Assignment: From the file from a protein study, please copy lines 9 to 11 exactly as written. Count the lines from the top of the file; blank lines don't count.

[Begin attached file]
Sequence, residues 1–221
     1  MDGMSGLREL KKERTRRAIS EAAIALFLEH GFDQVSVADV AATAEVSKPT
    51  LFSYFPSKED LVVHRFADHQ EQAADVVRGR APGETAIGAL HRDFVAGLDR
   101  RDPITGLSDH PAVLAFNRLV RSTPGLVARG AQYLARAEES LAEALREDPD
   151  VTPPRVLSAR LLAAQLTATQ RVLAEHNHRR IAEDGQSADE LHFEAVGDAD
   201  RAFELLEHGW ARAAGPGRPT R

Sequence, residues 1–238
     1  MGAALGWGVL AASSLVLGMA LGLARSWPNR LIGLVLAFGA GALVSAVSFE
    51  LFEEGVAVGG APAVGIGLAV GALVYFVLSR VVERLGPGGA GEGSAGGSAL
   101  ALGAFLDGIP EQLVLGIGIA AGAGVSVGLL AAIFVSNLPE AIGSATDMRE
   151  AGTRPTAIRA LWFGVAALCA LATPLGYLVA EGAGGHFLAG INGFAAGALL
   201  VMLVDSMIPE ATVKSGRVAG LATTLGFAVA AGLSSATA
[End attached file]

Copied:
    51  LFEEGVAVGG APAVGIGLAV GALVYFVLSR VVERLGPGGA GEGSAGGSAL
   101  ALGAFLDGIP EQLVLGIGIA AGAGVSVGLL AAIFVSNLPE AIGSATDMRE
   151  AGTRPTAIRA LWFGVAALCA LATPLGYLVA EGAGGHFLAG INGFAAGALL